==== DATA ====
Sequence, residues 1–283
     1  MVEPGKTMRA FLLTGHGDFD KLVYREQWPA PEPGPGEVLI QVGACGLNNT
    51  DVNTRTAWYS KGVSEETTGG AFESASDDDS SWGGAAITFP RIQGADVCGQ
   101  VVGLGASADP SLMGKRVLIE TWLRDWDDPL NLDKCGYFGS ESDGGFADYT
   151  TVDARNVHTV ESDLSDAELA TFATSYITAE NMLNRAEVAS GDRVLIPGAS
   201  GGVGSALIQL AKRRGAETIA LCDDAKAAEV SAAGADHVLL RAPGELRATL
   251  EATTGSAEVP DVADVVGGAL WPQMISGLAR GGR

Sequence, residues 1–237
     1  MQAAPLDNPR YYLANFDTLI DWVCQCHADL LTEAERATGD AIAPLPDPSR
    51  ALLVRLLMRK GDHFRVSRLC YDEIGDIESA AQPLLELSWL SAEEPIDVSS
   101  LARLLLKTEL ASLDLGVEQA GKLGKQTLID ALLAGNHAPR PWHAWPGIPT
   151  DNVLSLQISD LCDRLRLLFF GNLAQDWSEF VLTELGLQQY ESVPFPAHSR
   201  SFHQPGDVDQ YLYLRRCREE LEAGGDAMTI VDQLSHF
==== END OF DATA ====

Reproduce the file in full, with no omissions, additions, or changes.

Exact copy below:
Sequence, residues 1–283
     1  MVEPGKTMRA FLLTGHGDFD KLVYREQWPA PEPGPGEVLI QVGACGLNNT
    51  DVNTRTAWYS KGVSEETTGG AFESASDDDS SWGGAAITFP RIQGADVCGQ
   101  VVGLGASADP SLMGKRVLIE TWLRDWDDPL NLDKCGYFGS ESDGGFADYT
   151  TVDARNVHTV ESDLSDAELA TFATSYITAE NMLNRAEVAS GDRVLIPGAS
   201  GGVGSALIQL AKRRGAETIA LCDDAKAAEV SAAGADHVLL RAPGELRATL
   251  EATTGSAEVP DVADVVGGAL WPQMISGLAR GGR

Sequence, residues 1–237
     1  MQAAPLDNPR YYLANFDTLI DWVCQCHADL LTEAERATGD AIAPLPDPSR
    51  ALLVRLLMRK GDHFRVSRLC YDEIGDIESA AQPLLELSWL SAEEPIDVSS
   101  LARLLLKTEL ASLDLGVEQA GKLGKQTLID ALLAGNHAPR PWHAWPGIPT
   151  DNVLSLQISD LCDRLRLLFF GNLAQDWSEF VLTELGLQQY ESVPFPAHSR
   201  SFHQPGDVDQ YLYLRRCREE LEAGGDAMTI VDQLSHF